Facial recognition technologies have also been a focus of concern over surveillance and citizens’ rights. There remain challenges in terms of IP infringement and enforcement in China, although continued strengthening of China’s IP laws is making it easier for foreign companies to address these issues. Any UK company looking to set up in China should seek appropriate legal advice and perform due diligence to ensure both their employees and products are protected. Organisations such as The China-Britain Business Council (CBBC) and techUK support businesses with entry to the Chinese market, and the UK government has also created a Digital and Tech China website to offer relevant advice.

 

Regional differences

While it’s clear that China is on its way to becoming a global tech leader, the uptake of technologies varies greatly by region. This is due to a number of factors – regional cultural differences, geography and the sheer speed at which the Chinese tech sector has developed. Income, education, cultural and lifestyle differences all contribute to varying rates of digitisation across China, and technology production is mostly limited to big cities such as Beijing, Shanghai, Shenzhen, Guangzhou, Hangzhou and Chengdu.

At the top end of the scale are cities like Shenzhen, which is the leading technology production region of the country. It is home to two of China’s biggest telecoms firms Huawei and ZTE, the internet giant Tencent, as well as the drone manufacturer DJI, and electric car manufacturer BYD. Key cities such as Beijing and Shanghai have been the focus of digitalisation and smart technology. Both Beijing and Shanghai have dedicated tech hubs – the Zhongguancun District in Beijing, which is often referred to as “China’s Silicon Valley” and the Zhangjiang High-Tech Park in Shanghai.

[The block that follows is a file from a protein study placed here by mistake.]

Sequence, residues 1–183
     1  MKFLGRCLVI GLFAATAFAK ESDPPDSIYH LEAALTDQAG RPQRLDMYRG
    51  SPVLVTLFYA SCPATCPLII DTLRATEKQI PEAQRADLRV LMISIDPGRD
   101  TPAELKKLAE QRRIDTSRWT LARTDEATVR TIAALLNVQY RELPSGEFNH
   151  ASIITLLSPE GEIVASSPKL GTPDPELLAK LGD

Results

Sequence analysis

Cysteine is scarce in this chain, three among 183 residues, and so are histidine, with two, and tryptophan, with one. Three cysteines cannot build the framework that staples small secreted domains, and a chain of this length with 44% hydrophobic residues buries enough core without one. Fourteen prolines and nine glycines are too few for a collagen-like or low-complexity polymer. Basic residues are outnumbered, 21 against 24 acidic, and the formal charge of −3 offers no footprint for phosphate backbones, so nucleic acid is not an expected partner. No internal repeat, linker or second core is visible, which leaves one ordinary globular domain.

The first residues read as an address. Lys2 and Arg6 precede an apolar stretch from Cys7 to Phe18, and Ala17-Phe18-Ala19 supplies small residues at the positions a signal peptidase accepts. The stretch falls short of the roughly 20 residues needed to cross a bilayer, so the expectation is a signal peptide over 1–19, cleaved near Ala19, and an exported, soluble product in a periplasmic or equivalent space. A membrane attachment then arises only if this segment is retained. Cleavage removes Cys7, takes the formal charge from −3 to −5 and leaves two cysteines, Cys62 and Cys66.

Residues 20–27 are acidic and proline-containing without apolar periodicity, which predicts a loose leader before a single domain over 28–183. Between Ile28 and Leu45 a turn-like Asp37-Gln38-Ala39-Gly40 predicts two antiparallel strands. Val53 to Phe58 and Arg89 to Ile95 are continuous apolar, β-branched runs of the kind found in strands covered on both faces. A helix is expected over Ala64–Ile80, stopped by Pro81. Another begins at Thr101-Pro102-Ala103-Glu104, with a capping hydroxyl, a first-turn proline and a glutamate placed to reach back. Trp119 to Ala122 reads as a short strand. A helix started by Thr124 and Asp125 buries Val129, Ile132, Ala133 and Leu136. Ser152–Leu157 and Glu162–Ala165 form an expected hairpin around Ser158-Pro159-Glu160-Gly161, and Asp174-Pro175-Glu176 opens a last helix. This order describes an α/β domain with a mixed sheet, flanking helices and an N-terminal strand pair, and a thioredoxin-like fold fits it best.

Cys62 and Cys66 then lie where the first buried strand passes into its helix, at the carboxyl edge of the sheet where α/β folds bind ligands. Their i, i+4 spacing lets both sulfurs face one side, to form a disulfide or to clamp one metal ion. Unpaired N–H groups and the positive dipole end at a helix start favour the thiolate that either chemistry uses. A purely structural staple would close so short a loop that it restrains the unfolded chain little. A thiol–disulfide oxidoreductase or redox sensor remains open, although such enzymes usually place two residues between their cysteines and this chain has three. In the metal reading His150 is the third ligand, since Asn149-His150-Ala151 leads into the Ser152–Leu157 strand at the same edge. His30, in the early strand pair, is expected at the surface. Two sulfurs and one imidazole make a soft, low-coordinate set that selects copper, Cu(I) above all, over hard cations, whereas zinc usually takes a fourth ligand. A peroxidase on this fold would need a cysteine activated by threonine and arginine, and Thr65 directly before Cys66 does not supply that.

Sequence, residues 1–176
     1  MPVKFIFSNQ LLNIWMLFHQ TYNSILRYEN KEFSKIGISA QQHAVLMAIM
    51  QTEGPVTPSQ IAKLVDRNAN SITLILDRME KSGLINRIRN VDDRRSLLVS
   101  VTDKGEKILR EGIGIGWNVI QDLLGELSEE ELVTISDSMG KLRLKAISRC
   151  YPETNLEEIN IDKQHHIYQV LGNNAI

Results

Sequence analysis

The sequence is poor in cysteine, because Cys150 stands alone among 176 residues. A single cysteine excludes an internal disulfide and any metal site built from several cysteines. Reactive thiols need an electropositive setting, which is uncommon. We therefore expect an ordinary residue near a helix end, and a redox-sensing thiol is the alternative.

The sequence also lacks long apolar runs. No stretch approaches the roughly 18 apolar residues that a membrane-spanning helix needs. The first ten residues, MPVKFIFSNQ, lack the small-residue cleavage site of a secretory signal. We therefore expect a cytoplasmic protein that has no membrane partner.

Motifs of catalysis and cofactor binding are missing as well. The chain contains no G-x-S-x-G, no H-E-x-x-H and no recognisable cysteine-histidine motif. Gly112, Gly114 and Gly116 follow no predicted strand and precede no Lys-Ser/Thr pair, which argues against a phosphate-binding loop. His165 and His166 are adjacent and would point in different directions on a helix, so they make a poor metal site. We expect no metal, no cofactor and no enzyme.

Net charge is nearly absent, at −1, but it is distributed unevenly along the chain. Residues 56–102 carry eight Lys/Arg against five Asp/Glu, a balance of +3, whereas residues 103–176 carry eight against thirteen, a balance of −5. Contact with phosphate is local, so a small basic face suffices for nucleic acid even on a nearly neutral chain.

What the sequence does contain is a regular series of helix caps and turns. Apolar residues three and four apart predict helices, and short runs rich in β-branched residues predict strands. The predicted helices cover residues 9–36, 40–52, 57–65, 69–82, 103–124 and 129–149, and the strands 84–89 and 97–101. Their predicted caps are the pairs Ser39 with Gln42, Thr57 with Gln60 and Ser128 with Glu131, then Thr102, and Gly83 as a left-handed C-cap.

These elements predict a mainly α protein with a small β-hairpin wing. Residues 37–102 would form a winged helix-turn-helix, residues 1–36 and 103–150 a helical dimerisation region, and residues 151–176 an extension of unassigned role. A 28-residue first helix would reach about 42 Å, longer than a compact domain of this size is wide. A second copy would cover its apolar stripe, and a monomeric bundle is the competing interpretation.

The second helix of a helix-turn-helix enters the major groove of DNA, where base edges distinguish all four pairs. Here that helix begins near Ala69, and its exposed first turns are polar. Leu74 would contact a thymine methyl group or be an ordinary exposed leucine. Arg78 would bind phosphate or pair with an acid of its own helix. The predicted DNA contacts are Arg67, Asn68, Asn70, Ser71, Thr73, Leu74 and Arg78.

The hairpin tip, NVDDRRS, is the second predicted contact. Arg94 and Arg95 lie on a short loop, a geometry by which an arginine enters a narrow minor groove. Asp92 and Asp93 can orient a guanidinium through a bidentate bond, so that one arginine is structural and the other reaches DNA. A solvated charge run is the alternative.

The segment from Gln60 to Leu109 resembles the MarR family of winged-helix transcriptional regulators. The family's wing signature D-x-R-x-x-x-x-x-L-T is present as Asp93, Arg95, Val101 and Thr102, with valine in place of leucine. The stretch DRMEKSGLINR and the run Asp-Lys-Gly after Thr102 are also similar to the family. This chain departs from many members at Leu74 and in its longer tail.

Rural areas of the country are lagging behind the big cities, although there is a significant push from the government to boost rural development via digital technologies. Chinese authorities have put forward a plan to help advance the modernisation of rural areas, using technologies such as big data, AI, remote intelligent agricultural machinery and online services. The government is also investing hugely in technology infrastructure in rural areas to provide things like an upgraded power grid and better internet access.

Continental in scale, and highly complex, competitive and fragmented as a market, China is not the easiest economic territory to understand, access and operate in. Knowing how to do business locally and comply with local regulations can make or break your operations in China. However, with the right support, a unique offering, sufficient due diligence and IP protection, there can be significant benefits to entering this unique marketplace.

 

Learn more about doing business in China at china.theweek.co.uk. For further information visit techUK and CBBC.org.